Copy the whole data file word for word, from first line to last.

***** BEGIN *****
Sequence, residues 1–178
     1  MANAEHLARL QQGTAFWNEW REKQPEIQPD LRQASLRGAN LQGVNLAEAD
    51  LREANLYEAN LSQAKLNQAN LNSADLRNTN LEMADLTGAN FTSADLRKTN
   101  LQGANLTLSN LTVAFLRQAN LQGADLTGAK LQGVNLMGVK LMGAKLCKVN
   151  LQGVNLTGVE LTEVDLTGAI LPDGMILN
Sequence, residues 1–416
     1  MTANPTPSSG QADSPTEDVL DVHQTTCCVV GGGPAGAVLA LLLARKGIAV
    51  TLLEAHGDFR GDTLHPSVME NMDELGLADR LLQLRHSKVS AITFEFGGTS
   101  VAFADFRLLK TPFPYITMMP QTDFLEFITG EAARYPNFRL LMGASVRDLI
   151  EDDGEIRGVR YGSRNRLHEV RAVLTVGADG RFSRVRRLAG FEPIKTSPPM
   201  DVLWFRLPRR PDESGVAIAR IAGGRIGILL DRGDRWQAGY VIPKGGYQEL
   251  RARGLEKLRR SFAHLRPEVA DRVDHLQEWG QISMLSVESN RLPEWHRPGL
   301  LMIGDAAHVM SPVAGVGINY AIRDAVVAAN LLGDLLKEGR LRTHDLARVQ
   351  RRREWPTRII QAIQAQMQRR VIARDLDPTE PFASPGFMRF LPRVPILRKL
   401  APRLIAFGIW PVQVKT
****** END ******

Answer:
Sequence, residues 1–178
     1  MANAEHLARL QQGTAFWNEW REKQPEIQPD LRQASLRGAN LQGVNLAEAD
    51  LREANLYEAN LSQAKLNQAN LNSADLRNTN LEMADLTGAN FTSADLRKTN
   101  LQGANLTLSN LTVAFLRQAN LQGADLTGAK LQGVNLMGVK LMGAKLCKVN
   151  LQGVNLTGVE LTEVDLTGAI LPDGMILN
Sequence, residues 1–416
     1  MTANPTPSSG QADSPTEDVL DVHQTTCCVV GGGPAGAVLA LLLARKGIAV
    51  TLLEAHGDFR GDTLHPSVME NMDELGLADR LLQLRHSKVS AITFEFGGTS
   101  VAFADFRLLK TPFPYITMMP QTDFLEFITG EAARYPNFRL LMGASVRDLI
   151  EDDGEIRGVR YGSRNRLHEV RAVLTVGADG RFSRVRRLAG FEPIKTSPPM
   201  DVLWFRLPRR PDESGVAIAR IAGGRIGILL DRGDRWQAGY VIPKGGYQEL
   251  RARGLEKLRR SFAHLRPEVA DRVDHLQEWG QISMLSVESN RLPEWHRPGL
   301  LMIGDAAHVM SPVAGVGINY AIRDAVVAAN LLGDLLKEGR LRTHDLARVQ
   351  RRREWPTRII QAIQAQMQRR VIARDLDPTE PFASPGFMRF LPRVPILRKL
   401  APRLIAFGIW PVQVKT